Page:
My spiritual director has pointed out to me multiple times that while suffering is not something to which we look forward or seek out, it shows us how much God loves us, by allowing His holiness to shine even brighter in our lives. Living the Catholic faith and following Christ means taking up his cross, which is all about suffering, but we have confidence in the fact that we are joined with him in this suffering. Therefore, we are most definitely not alone, because Christ is carrying the burden of our dryness right alongside us.

10. Ask God for help
Hey, is God available?
Psalm 145 sings that "the Lord is near to all who call upon him." Maybe I've been dialing the wrong number, but especially in a dry spell, it doesn't always seem like He is near, even when you cry out for His help.
However, it is important to never stop asking God for help. Not sure where to even begin? Sometimes just trying simple prayers can be a good starting point. I know that I spent months where my daily prayer consisted of "Thy will be done" or "I'm not sure what plans you have for me, but please keep leading me down your path." Constantly repeating these, while feeling them with your heart, will help you continue to seek God in everything you do, even if you don't feel His presence.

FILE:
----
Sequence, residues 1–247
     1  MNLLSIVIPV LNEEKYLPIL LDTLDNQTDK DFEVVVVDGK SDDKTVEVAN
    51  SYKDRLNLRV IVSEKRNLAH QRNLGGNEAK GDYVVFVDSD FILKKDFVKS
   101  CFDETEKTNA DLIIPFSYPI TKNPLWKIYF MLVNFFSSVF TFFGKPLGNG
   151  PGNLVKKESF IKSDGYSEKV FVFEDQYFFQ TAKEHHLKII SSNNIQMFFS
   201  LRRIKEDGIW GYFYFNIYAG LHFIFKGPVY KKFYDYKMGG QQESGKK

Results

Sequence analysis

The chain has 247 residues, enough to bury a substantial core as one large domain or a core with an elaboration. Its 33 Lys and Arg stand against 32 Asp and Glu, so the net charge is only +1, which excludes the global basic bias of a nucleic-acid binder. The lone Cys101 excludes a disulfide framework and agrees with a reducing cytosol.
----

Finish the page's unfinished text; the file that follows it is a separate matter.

It is just important to ask God for help. You can even beg and plead if you have to - we've all been there! Have open and frank conversations with God, just like you would with a person sitting right in front of you (although I recommend having these conversations in your head if you are in the presence of other human beings). It's even alright sometimes to question God - as in "What are you doing?!?!" - when things get really rough. However, as my spiritual director advised me recently, while it is okay to question and "raise your voice" with God, it's important to always be respectful. We may not always understand what He's doing or why He's not answering in a way we can comprehend, but we still must give Him the reverence that He deserves.
Asking God for help may seem like a silly tip, but it has helped me in little ways through these past few months. Sometimes, God is just waiting right around the corner, waiting for you to ask Him in again when you've pushed Him away. Like the parable of the lost sheep, God will come searching for us, but we also have to make the choice to ask Him to carry us back home to the flock.

Have you ever been in what seems like a never-ending dry spell in your spiritual life? How did you eventually pull through?

For other great blog posts about spiritual dryness, check out these great series by Julie at The Corner with a View and Jen at Conversion Diary.

1 comment:

  1. #8 is SO IMPORTANT!!

    Hahahaha Heavenly Father, thank you for cranberry sauce.

    I need to stop trying to fix everything myself and follow this advice... thanks for the great post!!